By Pacific Island Times News Staff
Gov. Lou Leon Guerrero anticipates placing Guam in Condition of Readiness (COR) 1 at 1 p.m., Tuesday. At COR1, destructive winds are possible within the next 12 hours.
At the same time, Joint Region Marianas, Naval Base Guam, Andersen Air Force Base, and Marine Corps Base Camp Blaz will also be in Tropical Cyclone Condition of Readiness (TCCOR) 1.
As of 7 p.m., Typhoon Mawar was located 9.8 degrees north latitude and 146.9 degrees east longitude, about 290 miles south-southeast of Guam, and 375 miles south-southeast of Saipan, moving north-northwest at 7 mph, with maximum sustained winds of 105 mph.
According to Joint Infomation Center, on its current track, the system is expected to bring tropical storm force winds to Guam as early as Tuesday afternoon, with the possibility of typhoon force winds of 81 to 110 mph by Wednesday morning.
Heavy rainfall is likely to develop tonight through the next few days. Rainfall amounts of 8 to 15 inches are possible with locally higher amounts. A slowing forward speed could lead to much higher rainfall totals.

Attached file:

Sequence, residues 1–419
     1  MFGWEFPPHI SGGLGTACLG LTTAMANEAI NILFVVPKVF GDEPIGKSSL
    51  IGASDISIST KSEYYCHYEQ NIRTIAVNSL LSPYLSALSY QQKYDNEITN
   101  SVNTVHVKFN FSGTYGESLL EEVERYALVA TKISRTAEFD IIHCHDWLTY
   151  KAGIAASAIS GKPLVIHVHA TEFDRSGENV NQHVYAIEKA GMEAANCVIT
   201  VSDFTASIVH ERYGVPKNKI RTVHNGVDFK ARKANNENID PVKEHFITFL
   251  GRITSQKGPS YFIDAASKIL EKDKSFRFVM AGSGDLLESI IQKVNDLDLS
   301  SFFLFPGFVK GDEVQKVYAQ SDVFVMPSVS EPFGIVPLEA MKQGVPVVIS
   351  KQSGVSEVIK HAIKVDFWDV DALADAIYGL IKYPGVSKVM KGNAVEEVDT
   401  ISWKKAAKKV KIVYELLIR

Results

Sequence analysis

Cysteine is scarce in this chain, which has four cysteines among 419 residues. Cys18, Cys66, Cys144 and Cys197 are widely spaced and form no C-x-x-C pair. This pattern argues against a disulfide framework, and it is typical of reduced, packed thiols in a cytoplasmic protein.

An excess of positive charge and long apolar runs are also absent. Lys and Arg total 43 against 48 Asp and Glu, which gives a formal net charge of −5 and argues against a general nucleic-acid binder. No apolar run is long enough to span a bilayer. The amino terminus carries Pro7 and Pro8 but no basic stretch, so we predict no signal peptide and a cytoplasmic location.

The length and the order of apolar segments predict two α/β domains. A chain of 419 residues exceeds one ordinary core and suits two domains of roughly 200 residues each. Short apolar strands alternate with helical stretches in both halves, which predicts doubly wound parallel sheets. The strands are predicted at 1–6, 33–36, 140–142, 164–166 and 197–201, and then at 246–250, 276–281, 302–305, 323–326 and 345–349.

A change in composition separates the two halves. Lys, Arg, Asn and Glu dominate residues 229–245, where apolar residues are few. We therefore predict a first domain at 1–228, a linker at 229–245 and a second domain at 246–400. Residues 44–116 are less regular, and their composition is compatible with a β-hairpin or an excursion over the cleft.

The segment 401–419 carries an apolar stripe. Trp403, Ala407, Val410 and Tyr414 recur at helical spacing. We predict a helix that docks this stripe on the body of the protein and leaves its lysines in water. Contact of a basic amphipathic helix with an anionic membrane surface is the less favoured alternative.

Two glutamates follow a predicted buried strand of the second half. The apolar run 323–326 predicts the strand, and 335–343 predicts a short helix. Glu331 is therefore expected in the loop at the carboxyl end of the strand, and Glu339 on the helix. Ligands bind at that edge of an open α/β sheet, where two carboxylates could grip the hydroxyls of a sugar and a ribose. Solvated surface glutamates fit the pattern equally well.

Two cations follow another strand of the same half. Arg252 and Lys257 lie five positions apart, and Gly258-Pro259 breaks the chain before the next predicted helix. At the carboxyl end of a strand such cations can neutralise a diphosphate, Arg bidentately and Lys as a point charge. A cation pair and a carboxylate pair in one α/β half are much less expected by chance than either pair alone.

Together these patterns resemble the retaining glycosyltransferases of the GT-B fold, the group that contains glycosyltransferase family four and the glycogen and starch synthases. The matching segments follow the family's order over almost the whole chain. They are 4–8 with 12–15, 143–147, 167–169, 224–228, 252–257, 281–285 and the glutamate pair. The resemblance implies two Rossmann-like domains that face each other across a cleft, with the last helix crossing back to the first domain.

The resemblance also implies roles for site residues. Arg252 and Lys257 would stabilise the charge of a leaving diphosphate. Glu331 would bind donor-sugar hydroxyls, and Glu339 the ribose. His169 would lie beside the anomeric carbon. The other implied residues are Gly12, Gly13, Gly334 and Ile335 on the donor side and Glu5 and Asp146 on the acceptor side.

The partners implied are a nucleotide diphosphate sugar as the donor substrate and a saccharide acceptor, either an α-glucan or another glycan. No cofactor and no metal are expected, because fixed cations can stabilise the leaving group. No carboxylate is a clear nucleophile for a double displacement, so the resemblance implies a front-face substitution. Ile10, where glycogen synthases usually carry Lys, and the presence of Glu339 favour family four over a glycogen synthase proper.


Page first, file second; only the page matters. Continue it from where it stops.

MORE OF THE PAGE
U.S. Coast Guard Forces Micronesia Sector Guam is on top of unit storm preparations. The USCGC Myrtle Hazard (WPC 1139) and USCGC Oliver Henry (WPC 1140) crews sortied and are safely out to sea away from the storm, while the third cutter crew on USCGC Frederick Hatch (WPC 1143) remains on their regular patrol away from the affected area.
U.S. Coast Guard Station Apra Harbor’s boats are hauled out, trailered, or secured with heavy weather tie-downs. Crew securely fastened all buoys in the buoy yard to concrete sinkers. All ports are ready; commercial traffic departed, and teams prepared container yards for high winds. Crews are staffing all necessary watch sections and are actively working with on-island partners to be ready to conduct post-storm assessments. Port Heavy Weather Condition Yankee is in effect suspending all commercial traffic. Port Heavy Weather Condition Zulu will be set by the U.S. Coast Guard Captain of the Port for Guam and CNMI at 6:30 p.m. Monday, suspending all maritime traffic and any cargo or bunkering operations. Search and rescue assets and crews are standing by, but as the storm approaches, responders may not be able to get on the scene until the storm passes.